Student writing is difficult to pull off well. Selling tickets is a hard job even without the play being completely unknown and there can understandably be scepticism around inexperienced playwrights – but ‘New Town’ and the smiles it gave to a full Barron theatre was a wonderful advert for overcoming these difficulties. A warm and funny play that left a smile, it made for a lovely evening out, even if it perhaps didn’t leave a lasting impression.
This semester, directors Montse Picado and Krishna Patel bring Federico Garcia Lorca’s Blood Wedding to the Barron theatre. I spoke with Krishna to see what she had to say about their upcoming production.
Closer by Patrick Marber is a play about the emotional distance that can occur in relationships and the restless neediness of love, following the interweaving and interrelating lives of four characters.
The Real Thing is not Tom Stoppard at his finest. It meanders, it’s too long, makes its points too loudly, and to be honest by the time the last half of act two rolled around I really had no time for any of the characters. One gets the sense that we’re supposed to find these people charming, but their affluence and pretentious musings on the nature of love just came across as arrogant. But perhaps that’s the point.
It is incredibly difficult to adapt a play out of its native language and culture. You have to inform the audience about thousands of years of customs and context in at most an hour and a half or, more often than not, much less. While the effort by Alberto Micheletti and his team to stage a performance of Rabindranath Tagore’s play Sacrifice was a bold and admirable choice, the production’s inconsistent tone and inability to convey its message effectively hampered the show from excelling.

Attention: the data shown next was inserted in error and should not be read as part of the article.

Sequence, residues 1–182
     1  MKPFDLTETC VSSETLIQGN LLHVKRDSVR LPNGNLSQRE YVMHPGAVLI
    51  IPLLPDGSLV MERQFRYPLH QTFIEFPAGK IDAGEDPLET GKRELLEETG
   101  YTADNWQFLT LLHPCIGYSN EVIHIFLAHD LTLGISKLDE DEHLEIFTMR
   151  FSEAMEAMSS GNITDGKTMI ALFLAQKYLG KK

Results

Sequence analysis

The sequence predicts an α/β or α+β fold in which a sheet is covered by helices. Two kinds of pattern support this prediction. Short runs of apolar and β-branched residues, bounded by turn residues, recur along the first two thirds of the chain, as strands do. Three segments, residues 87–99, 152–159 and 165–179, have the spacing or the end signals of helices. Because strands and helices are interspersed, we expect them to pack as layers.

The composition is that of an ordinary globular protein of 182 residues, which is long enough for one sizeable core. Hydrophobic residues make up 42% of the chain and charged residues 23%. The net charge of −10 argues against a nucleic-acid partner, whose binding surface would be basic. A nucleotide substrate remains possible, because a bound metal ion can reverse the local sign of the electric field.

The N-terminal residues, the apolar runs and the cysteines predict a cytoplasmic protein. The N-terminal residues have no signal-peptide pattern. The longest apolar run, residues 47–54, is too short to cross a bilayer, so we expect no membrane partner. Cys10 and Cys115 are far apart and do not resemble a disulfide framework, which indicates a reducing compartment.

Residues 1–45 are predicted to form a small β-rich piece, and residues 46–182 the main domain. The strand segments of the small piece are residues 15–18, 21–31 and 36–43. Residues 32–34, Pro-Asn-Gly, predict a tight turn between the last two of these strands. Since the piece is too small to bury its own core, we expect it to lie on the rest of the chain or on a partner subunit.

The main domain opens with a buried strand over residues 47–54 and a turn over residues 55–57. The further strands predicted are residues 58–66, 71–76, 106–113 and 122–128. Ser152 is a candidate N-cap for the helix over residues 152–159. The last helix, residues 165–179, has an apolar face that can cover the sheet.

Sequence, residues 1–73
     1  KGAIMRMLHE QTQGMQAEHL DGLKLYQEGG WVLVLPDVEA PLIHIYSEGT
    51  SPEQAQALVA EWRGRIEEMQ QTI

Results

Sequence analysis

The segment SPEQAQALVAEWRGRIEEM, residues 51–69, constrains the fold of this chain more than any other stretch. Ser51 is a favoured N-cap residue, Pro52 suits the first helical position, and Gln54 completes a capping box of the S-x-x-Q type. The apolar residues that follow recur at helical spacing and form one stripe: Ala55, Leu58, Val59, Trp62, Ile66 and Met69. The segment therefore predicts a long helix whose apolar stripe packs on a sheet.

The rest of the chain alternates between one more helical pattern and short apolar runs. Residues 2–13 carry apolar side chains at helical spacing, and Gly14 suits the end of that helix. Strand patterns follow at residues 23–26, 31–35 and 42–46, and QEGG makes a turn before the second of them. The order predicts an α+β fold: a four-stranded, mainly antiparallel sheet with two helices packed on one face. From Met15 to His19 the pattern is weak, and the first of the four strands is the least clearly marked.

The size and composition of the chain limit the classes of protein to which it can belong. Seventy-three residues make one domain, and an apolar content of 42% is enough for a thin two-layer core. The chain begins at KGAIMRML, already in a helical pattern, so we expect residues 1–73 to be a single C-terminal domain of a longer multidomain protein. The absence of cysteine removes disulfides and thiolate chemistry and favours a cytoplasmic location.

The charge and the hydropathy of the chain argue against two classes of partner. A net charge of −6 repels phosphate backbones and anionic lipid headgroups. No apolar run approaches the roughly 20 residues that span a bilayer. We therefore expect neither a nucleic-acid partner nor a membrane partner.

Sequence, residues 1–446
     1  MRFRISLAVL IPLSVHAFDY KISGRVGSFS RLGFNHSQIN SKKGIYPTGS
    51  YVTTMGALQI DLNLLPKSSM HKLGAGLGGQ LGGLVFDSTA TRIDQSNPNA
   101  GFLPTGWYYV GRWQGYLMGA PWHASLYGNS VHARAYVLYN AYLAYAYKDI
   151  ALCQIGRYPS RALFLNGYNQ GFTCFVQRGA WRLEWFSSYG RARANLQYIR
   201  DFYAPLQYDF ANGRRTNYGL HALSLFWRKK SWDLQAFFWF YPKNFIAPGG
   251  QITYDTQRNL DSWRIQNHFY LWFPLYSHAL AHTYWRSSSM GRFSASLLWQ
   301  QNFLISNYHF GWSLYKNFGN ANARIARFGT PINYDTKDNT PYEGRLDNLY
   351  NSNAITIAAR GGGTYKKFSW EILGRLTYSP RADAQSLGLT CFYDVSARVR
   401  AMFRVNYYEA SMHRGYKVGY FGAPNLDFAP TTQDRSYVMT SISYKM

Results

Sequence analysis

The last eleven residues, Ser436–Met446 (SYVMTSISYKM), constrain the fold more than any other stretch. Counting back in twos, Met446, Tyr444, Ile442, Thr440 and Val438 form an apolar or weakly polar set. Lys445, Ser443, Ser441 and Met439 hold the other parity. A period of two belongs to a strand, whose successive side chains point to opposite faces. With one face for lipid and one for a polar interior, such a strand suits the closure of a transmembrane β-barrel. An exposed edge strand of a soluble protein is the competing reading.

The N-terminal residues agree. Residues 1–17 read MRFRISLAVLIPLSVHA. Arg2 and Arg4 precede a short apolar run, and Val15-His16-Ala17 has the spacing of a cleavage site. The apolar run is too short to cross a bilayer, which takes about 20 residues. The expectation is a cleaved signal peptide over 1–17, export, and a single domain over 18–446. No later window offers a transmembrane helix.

Blood Brothers felt like a musical without music. Actually, considering the musical version of Blood Brothers ran for over 20 years in London, most people probably know it as a musical. Following the lives of two brothers – twins separated at birth – the play spans the 1960s and 70s in Liverpool, dealing with themes of connection, loss, love, and class. This week’s production in the Byre Theatre, directed by Seb Bridges, did its best to tackle the complexities of a decades-spanning family drama, and in many ways, it succeeded. However, despite a number of quality performances the play was ultimately limited by a lackluster script.
Last week, director Bennett Bonci brought Cat on a Hot Tin Roof to the St. Andrews stage. It’s the 65th Birthday of Big Daddy, the Delta’s biggest cotton-planter, and his family has travelled to the Pollitt family plantation to celebrate. However, unbeknownst to Big Daddy and Big Mama, this is likely to be the patriarch’s last, as he has been diagnosed with terminal cancer. It seems the news has been hidden from the couple by the rest of their family to spare them tragedy during the party, but as the play goes on, it becomes clear that each family member has their own agenda for Big Daddy’s famed estate that will soon be up for grabs. Cat on a Hot Tin Roof touches on the themes of alcoholism, mendacity, homosexuality, and death in the American south.
Filling the Wednesday and Thursday night slots in the Freshers Drama Festival, ‘Black Comedy’ was a roaring success.
In student drama, next week is a big one, with the St Andrews premiere of Equus, Peter Shaffer’s haunting drama on what is literally our town’s biggest stage, the Byre Theatre. The play, a startling, almost supernatural story of a boy who suddenly blinds six horses in a stable, and the combination of psychological factors that got him there, shows on the 13th and 14th of October. Owl Eyes interviewed the director, Alexander Gillespie, to learn about what it’s like at the helm of this grand play.